Last week Punch Retail announced it was rebranding itself Spirit Group, saying it is confident enough about growth that it plans a flotation, likely to be valued at about £2bn, and a demerger from sister company, the Punch Pub Company. But that appears to be going against the trend in a market that is approaching maturity.
So far, no one has called “time” on the branded pub chain concept, but observers believe demand for the uniform experience of branded and centrally managed hostelries may be drying up. This is illustrated by the fact that the fastest growing of Six Continents’ (formerly Bass and owner of brands including All Bar One and O’Neill’s) chains is the unbranded Ember Inn.
The Firkin-branded pubs were one of the first chains on the scene, offering a themed, youthful environment and operating 185 outlets at its peak. The bulk of these have been sold to Six Continents and Punch Retail and, after conversion, few remain. JD Wetherspoon, on the other hand, launched its chain in 1979 and is now the nation’s largest brand with 541 sites in the UK.
“The market is maturing and there’s less capacity on the high street. The total number of pubs will remain static and I believe a large number of managed pubs will convert to leased pubs, depending, of course, on where the pub is located,” one analyst says.
“Six Continents has ceased rolling out its brands entirely. Well known brands such as Wolverhampton & Dudley Breweries’ Pitcher & Piano bars and Yates’s Wine Lodges are also slowing down, as is Scottish & Newcastle’s portfolio.”
He also says the market is polarising, with JD Wetherspoon remaining healthy but middle-range chains faltering. One of these middle range pubs is Six Continents’ O’Neill’s, which the analyst says is now seen as a “tired” brand.
The figures back up his assertion, with Six Continents admitting the number of O’Neill’s has stayed more or less static over the past few years.
The lack of growth in branded pubs does not worry Spirit Group commercial director Andrew Knight, who says his company is looking at opening many more outlets next year. The company’s portfolio includes 174 Mr Q’s, 49 Q’s, 50 Two For One outlets, 31 Bar Room Bars and 130 Punch Food Pubs – by comparison the company has 603 unbranded pubs, though the number will diminish if Spirit maintains its strategy of conversion.
This year, says Knight, the group will open another 20 Q’s sports bars, which offer entertainment, TV, sport and games and target 18to 25-year-olds and regular punters. The company also wants to open another ten of its city centre-based brand Bar Room Bar and more of the Two For One low-priced pub restaurants.
Explaining the growth strategy Knight says: “I think that older brands like O’Neill’s and Yates’s Wine Lodge are struggling because they are not evolving. You need to be up to date by listening to customers, managers and using market research. Branded pubs have historically been formulaic and Spirit tries to avoid this. That means continually updating the pubs, such as changing the signage, the name and the pricing policy.”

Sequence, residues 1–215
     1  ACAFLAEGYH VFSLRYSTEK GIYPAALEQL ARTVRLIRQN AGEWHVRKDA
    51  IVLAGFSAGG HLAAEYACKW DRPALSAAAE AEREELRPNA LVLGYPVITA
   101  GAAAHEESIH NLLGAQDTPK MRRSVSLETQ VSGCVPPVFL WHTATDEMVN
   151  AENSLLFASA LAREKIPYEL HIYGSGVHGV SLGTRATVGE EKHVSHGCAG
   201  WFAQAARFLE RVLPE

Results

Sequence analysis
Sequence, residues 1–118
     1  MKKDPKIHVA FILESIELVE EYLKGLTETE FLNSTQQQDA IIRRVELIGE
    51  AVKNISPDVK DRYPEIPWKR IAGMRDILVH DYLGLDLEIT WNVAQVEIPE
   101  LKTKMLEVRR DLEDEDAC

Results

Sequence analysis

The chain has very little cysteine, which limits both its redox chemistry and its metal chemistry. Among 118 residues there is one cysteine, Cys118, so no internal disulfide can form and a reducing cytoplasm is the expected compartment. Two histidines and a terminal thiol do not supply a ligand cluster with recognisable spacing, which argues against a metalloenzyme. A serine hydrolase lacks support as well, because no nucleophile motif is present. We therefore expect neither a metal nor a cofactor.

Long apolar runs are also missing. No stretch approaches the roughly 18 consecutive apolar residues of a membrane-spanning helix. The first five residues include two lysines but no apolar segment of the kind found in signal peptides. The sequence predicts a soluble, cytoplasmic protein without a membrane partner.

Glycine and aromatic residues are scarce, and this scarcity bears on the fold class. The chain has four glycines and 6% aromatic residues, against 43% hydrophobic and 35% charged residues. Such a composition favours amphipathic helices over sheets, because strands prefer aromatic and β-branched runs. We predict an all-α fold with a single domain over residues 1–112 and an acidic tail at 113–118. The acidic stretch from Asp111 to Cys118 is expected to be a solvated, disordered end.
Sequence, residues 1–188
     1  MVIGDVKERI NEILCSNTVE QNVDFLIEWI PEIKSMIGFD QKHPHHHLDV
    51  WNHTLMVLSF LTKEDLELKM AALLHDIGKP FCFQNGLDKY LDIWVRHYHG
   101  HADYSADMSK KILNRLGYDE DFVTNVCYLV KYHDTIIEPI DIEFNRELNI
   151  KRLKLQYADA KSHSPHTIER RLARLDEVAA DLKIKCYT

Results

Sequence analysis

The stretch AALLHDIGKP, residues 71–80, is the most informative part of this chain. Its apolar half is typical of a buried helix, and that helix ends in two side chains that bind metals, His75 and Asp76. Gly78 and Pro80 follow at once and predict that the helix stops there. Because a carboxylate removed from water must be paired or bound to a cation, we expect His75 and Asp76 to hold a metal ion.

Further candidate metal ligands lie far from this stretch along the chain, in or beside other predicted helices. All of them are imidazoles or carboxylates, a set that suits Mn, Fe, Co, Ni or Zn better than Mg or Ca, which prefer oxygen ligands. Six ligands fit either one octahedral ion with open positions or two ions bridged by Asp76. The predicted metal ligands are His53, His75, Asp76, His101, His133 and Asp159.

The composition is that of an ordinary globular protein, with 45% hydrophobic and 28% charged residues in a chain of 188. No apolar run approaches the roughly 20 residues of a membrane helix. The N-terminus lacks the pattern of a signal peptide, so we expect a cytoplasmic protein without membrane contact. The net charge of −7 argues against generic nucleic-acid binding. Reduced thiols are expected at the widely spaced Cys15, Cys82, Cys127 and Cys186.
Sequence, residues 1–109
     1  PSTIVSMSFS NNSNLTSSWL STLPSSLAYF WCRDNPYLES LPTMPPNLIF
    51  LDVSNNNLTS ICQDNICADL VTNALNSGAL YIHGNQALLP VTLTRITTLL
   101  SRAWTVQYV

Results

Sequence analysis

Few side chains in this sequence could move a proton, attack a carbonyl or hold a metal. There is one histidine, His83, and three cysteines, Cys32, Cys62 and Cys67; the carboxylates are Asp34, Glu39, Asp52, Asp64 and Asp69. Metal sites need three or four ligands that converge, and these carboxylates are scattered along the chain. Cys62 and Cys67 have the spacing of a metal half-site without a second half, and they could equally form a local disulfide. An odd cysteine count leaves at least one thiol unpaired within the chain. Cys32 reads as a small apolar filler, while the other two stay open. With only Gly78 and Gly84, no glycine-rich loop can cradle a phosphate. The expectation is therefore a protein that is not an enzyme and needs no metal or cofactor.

He argues that Spirit can grow as it has developed niches and keeps its propositions attractive, especially in city centre locations. For instance, the Two For One pubs offer low-cost meals, but provide creative menus.
JD Wetherspoon head of marketing Claire Martin says her company plans to open 80 Wetherspoon pubs and ten Lloyds Number One pubs this year, to add to the current stock of 17. Bought by Wetherspoon in 2000 from Wolverhampton & Dudley, Lloyds offers music and video to younger pub-goers.
However, she accepts the market is bound to mature but says there is no sign of it slowing at the moment.
Six Continents appears to have recognised the slowdown in demand for branded hostelries, as the unbranded Ember Inn offering has added 62 sites in the past 12 months. Six Continents communications director Bob Cartwright says the student brand It’s A Scream was the company’s only branded pub chain to show significant growth and even that brand has grown by just 82 sites since its launch in 1995.
Cartwright says Ember Inns are positioned as regular community boozers. The only unifying theme is a ban on children, juke boxes and loud music. He says: “Embers is a newish idea. There’s a huge market of lapsed pub-goers and we aim to entice them back to comfortable pubs. We also want to keep hold of regular pub-goers.”
But he rejects the argument that O’Neill’s is a tired brand, despite the fact that it has not added to its stable of 90 pubs for the past three years. “We are still evolving the brand. Now it is more modern, accessible and family-friendly and has moved away from its image as an Irish pub.”
He admits that finding sites is a problem and says: “All Bar One occupies many high-quality sites already and there are only so many available.”
The challenges faced by the branded pubs sector are growing, but Spirit’s intended investment shows a confidence that is not easily dented.